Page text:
We were delighted to be joined by the fantastic and spirited Malini Chib, author of ‘One Little Finger’ where she talks about her struggles and how she overcomes them despite having Cerebral palsy and being on a wheelchair throughout her life. Malini is also spearheading the Spastic Society and the ADAPT rights group that works to make the world a more accessible place.
So, we started off at the Jehangir Art Gallery in Mumbai’s art district, Kalaghoda one rainy afternoon. There is a wheelchair accessible ramp there, so steering the wheelchairs up was not a problem. This is a photo of some of the participants at the start of the event.
Participants were split up in groups of two. Each person was to take turns at getting blindfolded, while the other person who could see described the displayed paintings to the one who was blindfolded. Once participants took off their blindfolds they could re visit the same paintings and compare what they actually saw with what they imagined.
This is a photo of Pankaja, a tour guide of Mumbai describing the paintings to blindfolded Anahita, a journalist.
Sunita doubles up as Neelu’s guide in this unique art appreciation technique.
It was a spectacular experience and some participants actually said that once they opened their blindfolds and saw the same paintings, they felt their imagination of the paintings was more beautiful than the actual painting. In fact one of the painters was himself in the gallery and also took part in the event. He was blindfolded and one of the participants described to him his own paintings. He was overwhelmed by the experience and said that the participant had seen depths and details in his own painting that he had completely missed noticing himself.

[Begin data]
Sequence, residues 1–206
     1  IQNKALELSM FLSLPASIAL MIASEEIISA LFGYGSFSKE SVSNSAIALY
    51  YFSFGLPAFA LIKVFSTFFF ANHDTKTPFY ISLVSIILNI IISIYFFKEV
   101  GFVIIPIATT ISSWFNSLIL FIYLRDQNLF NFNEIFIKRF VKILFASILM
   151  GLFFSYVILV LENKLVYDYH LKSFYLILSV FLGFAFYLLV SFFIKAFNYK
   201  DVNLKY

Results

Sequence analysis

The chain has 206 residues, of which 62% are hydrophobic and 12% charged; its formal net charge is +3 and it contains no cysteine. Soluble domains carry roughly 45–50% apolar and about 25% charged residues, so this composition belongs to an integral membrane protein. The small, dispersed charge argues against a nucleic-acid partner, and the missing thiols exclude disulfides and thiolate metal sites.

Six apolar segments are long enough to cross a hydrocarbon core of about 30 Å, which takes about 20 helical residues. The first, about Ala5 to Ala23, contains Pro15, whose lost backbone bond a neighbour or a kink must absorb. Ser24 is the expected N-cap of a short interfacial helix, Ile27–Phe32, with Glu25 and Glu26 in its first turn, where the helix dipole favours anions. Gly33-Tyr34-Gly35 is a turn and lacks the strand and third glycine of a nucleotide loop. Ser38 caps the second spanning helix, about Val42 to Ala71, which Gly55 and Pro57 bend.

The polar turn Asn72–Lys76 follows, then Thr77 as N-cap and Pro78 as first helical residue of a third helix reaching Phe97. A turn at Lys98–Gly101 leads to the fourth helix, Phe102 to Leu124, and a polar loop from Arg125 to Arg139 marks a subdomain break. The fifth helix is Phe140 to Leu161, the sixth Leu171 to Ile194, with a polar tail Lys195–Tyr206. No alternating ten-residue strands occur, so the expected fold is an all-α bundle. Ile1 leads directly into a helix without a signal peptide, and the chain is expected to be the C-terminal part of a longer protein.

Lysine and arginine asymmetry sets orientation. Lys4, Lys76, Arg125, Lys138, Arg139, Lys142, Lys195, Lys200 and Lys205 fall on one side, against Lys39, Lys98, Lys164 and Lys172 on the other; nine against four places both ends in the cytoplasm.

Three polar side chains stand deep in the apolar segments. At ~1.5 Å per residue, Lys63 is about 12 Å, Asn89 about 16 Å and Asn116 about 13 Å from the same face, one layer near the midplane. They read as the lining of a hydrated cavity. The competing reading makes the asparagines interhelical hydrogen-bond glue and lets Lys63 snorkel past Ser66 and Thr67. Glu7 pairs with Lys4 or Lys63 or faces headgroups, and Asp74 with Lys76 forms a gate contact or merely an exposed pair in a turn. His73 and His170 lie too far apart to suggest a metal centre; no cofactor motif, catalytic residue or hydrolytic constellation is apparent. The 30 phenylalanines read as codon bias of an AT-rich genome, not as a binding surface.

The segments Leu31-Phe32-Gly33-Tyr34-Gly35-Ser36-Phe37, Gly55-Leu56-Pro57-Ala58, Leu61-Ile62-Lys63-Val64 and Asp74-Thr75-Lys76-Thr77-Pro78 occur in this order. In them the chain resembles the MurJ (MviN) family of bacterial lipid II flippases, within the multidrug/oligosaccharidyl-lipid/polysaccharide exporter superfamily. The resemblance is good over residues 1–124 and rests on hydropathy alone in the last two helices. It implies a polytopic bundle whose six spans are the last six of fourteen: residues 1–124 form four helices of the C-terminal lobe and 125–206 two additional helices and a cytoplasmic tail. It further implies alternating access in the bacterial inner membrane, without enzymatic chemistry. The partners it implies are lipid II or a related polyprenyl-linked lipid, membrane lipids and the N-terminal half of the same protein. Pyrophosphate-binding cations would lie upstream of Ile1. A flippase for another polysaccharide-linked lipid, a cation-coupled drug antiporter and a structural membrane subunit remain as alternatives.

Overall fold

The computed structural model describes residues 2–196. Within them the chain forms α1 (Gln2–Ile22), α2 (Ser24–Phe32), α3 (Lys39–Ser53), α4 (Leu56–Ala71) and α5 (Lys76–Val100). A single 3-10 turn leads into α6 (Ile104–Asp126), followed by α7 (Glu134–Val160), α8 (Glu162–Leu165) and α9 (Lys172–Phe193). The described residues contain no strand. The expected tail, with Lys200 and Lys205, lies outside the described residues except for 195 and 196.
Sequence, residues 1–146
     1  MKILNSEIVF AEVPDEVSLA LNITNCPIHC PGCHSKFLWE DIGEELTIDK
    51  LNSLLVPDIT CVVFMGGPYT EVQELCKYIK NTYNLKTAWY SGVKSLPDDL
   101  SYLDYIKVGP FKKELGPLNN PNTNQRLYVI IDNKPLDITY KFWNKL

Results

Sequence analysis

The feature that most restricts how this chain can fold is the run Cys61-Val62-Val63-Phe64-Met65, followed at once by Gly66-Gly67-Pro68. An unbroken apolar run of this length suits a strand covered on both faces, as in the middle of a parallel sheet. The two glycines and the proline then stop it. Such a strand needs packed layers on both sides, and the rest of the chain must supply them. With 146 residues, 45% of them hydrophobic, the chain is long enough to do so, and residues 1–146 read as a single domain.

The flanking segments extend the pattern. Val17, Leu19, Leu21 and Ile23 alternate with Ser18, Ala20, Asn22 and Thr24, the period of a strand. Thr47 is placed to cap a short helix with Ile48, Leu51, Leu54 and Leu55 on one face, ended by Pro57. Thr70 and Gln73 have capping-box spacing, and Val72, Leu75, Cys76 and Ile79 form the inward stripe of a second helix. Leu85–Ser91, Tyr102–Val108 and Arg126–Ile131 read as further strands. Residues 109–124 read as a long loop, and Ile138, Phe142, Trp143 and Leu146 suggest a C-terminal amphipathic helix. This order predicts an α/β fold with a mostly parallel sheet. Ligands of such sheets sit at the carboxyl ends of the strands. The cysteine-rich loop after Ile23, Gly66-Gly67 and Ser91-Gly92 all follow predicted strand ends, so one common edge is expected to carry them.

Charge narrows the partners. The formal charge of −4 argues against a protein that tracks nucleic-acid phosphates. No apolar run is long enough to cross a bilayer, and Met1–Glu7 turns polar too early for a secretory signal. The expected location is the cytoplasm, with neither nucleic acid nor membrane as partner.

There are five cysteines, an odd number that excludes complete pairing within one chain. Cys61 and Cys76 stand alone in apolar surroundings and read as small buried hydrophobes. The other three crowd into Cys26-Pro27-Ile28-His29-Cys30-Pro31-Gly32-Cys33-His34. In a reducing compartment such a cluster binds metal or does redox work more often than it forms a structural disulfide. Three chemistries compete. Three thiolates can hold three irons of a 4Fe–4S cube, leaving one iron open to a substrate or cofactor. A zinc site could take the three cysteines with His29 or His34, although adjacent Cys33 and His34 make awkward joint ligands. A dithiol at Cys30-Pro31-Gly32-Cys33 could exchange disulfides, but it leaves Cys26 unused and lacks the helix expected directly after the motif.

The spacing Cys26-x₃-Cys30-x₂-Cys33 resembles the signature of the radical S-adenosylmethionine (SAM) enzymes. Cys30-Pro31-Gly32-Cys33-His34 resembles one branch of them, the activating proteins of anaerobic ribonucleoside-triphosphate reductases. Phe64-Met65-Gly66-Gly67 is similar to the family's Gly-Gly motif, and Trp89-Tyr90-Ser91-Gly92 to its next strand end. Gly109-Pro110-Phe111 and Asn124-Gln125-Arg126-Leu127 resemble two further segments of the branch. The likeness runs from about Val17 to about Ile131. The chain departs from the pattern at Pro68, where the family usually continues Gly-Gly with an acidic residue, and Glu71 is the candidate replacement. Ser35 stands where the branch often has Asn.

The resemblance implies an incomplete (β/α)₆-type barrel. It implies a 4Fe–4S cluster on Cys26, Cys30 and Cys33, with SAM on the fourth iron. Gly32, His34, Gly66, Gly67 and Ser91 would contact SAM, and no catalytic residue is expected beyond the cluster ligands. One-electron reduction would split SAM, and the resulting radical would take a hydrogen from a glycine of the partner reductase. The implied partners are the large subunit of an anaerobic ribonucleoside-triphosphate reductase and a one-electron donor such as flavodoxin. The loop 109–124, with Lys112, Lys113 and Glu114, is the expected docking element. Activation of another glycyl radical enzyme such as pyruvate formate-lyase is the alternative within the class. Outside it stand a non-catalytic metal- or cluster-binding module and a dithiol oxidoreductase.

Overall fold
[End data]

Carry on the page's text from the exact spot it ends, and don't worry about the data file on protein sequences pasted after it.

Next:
While the gallery itself was fairly accessible, the colourful and arty Cafe Samovar which is one of my favourite haunts remained totally inaccessible due its narrow passage and uneven floor levels causing Malini’s wheelchair to almost trip. Fortunately, no injuries happened and the waiters were helpful enough to get us chai in the lobby area.
The next stop was at the Chatrapati Shivaji museum next doors. On the way Malini decided to stop by for a quick horoscope break at a Palmist who had set up shop under a tree….
while a curious street artist looked on …
Once we reached the museum, we were pleased to note that there was a well marked placard at the entrance that stated the presence of facilities for wheelchair users.
It is noteworthy that the museum has installed a wheelchair lift that can lift people on wheelchairs from ground level up to the raised surface of the floor after which it is fairly easy to get around the galleries on the ground floor as well as on the higher floors using the regular lifts that are large enough for wheelchairs. Having a little gate that the wheelchair user can close like a regular lift was a suggestion that came through, to prevent the wheelchair from slipping off the surface accidentally. Hope all heritage monuments as well as malls, restaurants make similar arrangements very soon.
This is a photo of Neelu using the wheelchair lift.